11. Scott, J. 1985. Weapons of the Weak: Everyday Forms of Peasant Resistance Yale UP, p.xvii

12. Arrighi, G. 2007. Adam Smith in Beijing, Verso.

The agribusiness fail

An interesting discussion occurred on my blog during my summer recess, which I thought I might address briefly in this post. It concerned inter alia the difficulties of earning a living through ‘alternative farming’, the pronouncements of Vandana Shiva, and the promise of sustainably synthesised fertiliser. I’m going to leave the last of these issues to a future post, and say a few words about the other two.

So, Brian Macmillan drew attention to this interesting article which argued that farmers using alternative approaches such as permaculture are struggling to stay afloat economically – a deficiency that author Frank Aragona provocatively called ‘The Permaculture Fail’. Unlike Tom, I found much of the discussion beneath the article quite interesting and well reasoned, though I do agree with Tom at least in part that the peak oil-collapse of capitalism-billions will die nexus can easily be overdone.

I’ve made plain on this blog before that I’m amicably sceptical about a number of permaculture’s sacred cows and, as Brian pointed out, Aragona’s article covered pretty similar ground to my own blog post on some of permaculture’s limitations. But, as I also made clear in that post, I’m not planning to throw out the baby with the bathwater: ultimately, I reject Aragona’s concept of the ‘permaculture fail’ for reasons that are well covered in some of the comments beneath his post. The most telling one, I think, is the simple point made by ‘onoway’: so called ‘normal’ farmers aren’t making any money either. Here in the UK, the Commission for Rural Communities found in 2010 (shortly before the government abolished it) that a quarter of farm households lived below the poverty line, and you can be pretty sure that most of them weren’t permaculturists.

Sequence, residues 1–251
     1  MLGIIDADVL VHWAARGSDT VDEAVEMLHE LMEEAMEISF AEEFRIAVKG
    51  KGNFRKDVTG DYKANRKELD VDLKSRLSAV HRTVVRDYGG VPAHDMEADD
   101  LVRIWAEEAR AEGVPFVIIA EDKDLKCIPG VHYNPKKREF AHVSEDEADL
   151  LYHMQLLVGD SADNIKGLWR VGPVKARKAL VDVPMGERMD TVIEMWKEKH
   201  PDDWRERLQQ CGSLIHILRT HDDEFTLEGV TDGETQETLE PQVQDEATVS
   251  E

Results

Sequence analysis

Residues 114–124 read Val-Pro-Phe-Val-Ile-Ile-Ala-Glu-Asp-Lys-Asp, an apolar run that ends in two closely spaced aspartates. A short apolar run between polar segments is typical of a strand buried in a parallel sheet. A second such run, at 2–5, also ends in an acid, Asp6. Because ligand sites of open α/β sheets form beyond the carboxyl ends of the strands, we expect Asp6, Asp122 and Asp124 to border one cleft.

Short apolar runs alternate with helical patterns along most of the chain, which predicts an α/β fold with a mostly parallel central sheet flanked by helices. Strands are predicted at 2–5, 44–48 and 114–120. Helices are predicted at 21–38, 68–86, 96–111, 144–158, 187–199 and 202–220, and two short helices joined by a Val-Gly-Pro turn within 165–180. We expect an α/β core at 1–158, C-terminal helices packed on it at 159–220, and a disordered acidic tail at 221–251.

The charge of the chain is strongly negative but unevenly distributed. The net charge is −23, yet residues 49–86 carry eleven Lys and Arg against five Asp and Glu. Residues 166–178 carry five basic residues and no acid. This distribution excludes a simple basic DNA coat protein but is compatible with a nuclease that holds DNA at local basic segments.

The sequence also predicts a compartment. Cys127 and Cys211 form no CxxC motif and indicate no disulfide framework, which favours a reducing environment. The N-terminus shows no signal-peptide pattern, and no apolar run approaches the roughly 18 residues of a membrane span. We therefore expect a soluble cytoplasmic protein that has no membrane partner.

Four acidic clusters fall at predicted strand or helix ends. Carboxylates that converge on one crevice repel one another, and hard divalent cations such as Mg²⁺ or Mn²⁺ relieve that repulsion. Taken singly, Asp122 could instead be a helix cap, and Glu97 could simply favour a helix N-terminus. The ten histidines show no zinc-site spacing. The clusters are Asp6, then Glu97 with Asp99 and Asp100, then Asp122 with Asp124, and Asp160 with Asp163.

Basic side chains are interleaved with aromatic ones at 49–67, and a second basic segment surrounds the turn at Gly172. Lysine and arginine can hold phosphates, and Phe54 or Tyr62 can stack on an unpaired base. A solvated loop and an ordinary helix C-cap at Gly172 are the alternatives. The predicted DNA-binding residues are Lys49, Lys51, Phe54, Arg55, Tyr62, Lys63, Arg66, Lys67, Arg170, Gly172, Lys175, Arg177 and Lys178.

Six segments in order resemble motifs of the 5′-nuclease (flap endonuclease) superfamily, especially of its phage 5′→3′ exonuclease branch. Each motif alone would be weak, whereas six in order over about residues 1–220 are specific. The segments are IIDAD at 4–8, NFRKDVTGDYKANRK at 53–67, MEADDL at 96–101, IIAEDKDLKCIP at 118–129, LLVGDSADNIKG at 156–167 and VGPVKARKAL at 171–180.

Aragona writes “we have focused all of our energy on biological production techniques, many and most of which are sound, effective, and replicable, yet we have done so on top of a broken socio-economic model”. Well, speak for yourself: personally I only focus my energy on biological production techniques by day. By night I write this blog, in which I tirelessly fix broken socio-economic models. But sheesh, then somebody comes along and breaks the damn things again and nothing seems to change. The fact is that however anyone farms they do it on top of a broken socio-economic model. The alternative farming movement – for example, my colleagues in the Land Workers Alliance and Via Campesina – does a pretty good job of articulating exactly how the model is broken. A better job at any rate than ‘normal’ mainstream farming organisations such as the NFU, who are servants of that model (witness George Monbiot’s mischievous but telling comparison of the NFU’s address – 16 Smith Square, London SW1 – with DEFRA’s address – 17 Smith Square, London SW1). We alternative farmers are hardly alone in wishing to derail the present neoliberal juggernaut without quite knowing how.

Still, I think it’s true that permaculturists are often over-susceptible to illusory get rich quick schemes. The article mentions somebody who supposedly earns $90,000/acre from his farming. Well, I’m sure with skill, luck, hard work and a relentless focus upon non-essential products that might be possible, but with the help of that infallible oracle, Wikipedia, let me now demonstrate mathematically the impossibility of all farmers following suit:

(1) Total area of agricultural land globally: 12.07 billion acres

(2) Total economic output of this land area @ $90,0000/acre: $1086 trillion